Details of the CC-TS and EC-TS in the dual-path TS system are shown in Refs. 13 and 14. A 10 Hz YAG laser (Continuum, Powerlite 9010) is injected into both the CC and EC, simultaneously, in the same laser shot in a single plasma shot. In this experiment, we used laser energies of 1.4 J/pulse and 0.3 J/pulse for CC and EC-TS, respectively. The CC-TS consists of a split YAG laser beam, three spherical mirrors for collecting the TS light at 90°, a five channel polychromator, and high speed oscilloscopes. We can measure the radial electron temperature and density at seven radial positions. The EC-TS measures the 160° backscattered TS light for measuring the electron temperature and density in the D-module plasma center.

The MIFs are set at the CC (z = −0.6 m), anchor cell (AC, z = 5.2 m), barrier cell (BC, z = 8.6 m), plug cell (PC, z = 9.7 m), and EC-MIF (EC-MIF3 and EC-MIF4 at z = 10.786 and 10.766 m, respectively) for measuring the electron line densities. The CC, AC, BC, and PC-MIFs use a 70 GHz microwave, and EC-MIFs use a 64 GHz microwave. The EC-MIFs are the heterodyne interferometer system equipped with a local integrated array (LIA) system.15 In this experiment, only three channels of LIA aligned in the z direction are available. The length of the interferometer chords across the plasma in the D-module is ∼0.26 m. We used the average plasma density in the D-module as dividing the line density by 0.26 m.

To measure the behavior of the plasma radiation inside the D-module, a high speed camera system with a wavelength filter of Hα or Hβ is used.8 The signal level of the high speed camera with the wavelength filter is proportional to the product of neutral and electron densities; however, it is not absolutely calibrated. The frame rate and shutter speed were changed from 20 kHz and 10 µs to 10 kHz and 20 µs along with the radiation intensity. The amplitude resolution was 8 bits, and the frame size was 240 × 320 pixels.

In order to study the formation of the detached plasma structure inside the D-module, the electron density and temperature were measured from the core to edge region using the dual-path TS system, EC-MIF, and all probes. The plasma is heated and maintained while applying ICRF waves from t = 51 to 440 ms. The additional hydrogen gas puffing began at t = 50 ms, and the pulse duration was 400 ms for a plenum pressure of 750 mbar in the D-module to produce a detached plasma condition from t > 200 ms. The gas pressure by additional H2 gas is thought to produce the detached plasma condition.5–8 

Time evolutions of diamagnetism in CC and line average densities in each cell are shown in Figs. 2(a) and 2(b), respectively. The red line, blue line, green line, black line, and brown line show the line average densities of central cell (NECC), west anchor cell (NEWA), west barrier cell (NEWB), west plug cell (NEWP), and end cell (EC-MIF3), respectively. In Fig. 2(c), time evolution of pressure in the D-module was measured by the ASDEX gauge in the same plasma sequence. The diamagnetism gradually decreased with injection of additional gas puffing in the D-module. The electron line density in the CC was kept constant. In the west anchor, west barrier, and west plug cells, the electron line densities were increased by the additional gas puffing. The line density in EC showed the role over behavior.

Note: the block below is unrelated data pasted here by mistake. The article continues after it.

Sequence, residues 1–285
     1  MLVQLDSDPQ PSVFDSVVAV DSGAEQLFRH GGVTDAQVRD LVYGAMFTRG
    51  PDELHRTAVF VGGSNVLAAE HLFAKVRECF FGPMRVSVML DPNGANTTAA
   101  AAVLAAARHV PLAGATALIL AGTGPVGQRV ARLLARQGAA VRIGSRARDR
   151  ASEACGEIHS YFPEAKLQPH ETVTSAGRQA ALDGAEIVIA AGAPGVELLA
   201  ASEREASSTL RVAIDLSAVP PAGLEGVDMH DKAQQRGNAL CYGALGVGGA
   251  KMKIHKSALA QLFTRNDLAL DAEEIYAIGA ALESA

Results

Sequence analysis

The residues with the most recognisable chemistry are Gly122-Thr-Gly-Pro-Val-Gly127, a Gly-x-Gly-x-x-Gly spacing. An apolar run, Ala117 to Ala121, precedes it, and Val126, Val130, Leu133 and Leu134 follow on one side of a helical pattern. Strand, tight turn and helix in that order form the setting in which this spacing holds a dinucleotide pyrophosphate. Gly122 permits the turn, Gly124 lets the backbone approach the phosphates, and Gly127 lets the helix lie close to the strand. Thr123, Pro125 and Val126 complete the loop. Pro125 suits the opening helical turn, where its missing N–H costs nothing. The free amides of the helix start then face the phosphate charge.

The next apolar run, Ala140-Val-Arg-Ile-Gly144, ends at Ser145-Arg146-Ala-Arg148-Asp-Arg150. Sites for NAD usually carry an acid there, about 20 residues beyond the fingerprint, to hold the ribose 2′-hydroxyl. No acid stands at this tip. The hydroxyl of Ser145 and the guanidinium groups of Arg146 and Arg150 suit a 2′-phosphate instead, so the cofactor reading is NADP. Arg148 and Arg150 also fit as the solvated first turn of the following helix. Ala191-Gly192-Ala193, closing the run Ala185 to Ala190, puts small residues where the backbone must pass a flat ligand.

FIG. 2.

Time evolutions of (a) diamagnetism in CC and (b) line average densities in each cell and (c) pressure in the D-module.

FIG. 2.

Time evolutions of (a) diamagnetism in CC and (b) line average densities in each cell and (c) pressure in the D-module.

Close modal

We show the time evolutions of electron temperature and densities measured by ESPs of Nos. 1–5 on the V-shaped target plate in Figs. 3(a)3(e) and ESP No. 18 in Fig. 3(f) by red circles and blue squares, respectively. The electron temperatures are less than 10 eV from t > 200 ms on the V-shaped target plate. The electron densities show the rollover characteristics observed by the ESP Nos. 1–4 on the V-shaped target plate. The temporal evolution of the electron density of ESP No. 5 shows the gradual decrease after the electron density peak at t = 150 ms. The time evolution of the electron density of ESP No. 18 has the density increasing profile, and the increasing rate decreases after t = 220 ms. The peak electron density time at ESP No. 5 is faster than that at ESP No. 1.

FIG. 3.

Electron temperatures and densities measured by ESP Nos. 1–5 (a)–(e) on the V-shaped target plate and No. 18 (f).

FIG. 3.

Electron temperatures and densities measured by ESP Nos. 1–5 (a)–(e) on the V-shaped target plate and No. 18 (f).

Close modal

The time evolutions of electron temperatures (a) and densities (b) measured by using the CC-TS, IP, EC-TS, and No. 1 probe, respectively, are shown in Fig. 4; the averaged electron densities measured by EC-MIF3 and EC-MIF4 are also shown in Fig. 4(b).

FIG. 4.

Time evolutions of electron temperature (a) and density (b) measured by using the CC-TS, IP, EC-TS, and No. 1 probe, respectively. The additional hydrogen gas puffing was injected from t = 50 ms into the D-module to produce the detached plasma condition from t > 200 ms.

FIG. 4.

Time evolutions of electron temperature (a) and density (b) measured by using the CC-TS, IP, EC-TS, and No. 1 probe, respectively. The additional hydrogen gas puffing was injected from t = 50 ms into the D-module to produce the detached plasma condition from t > 200 ms.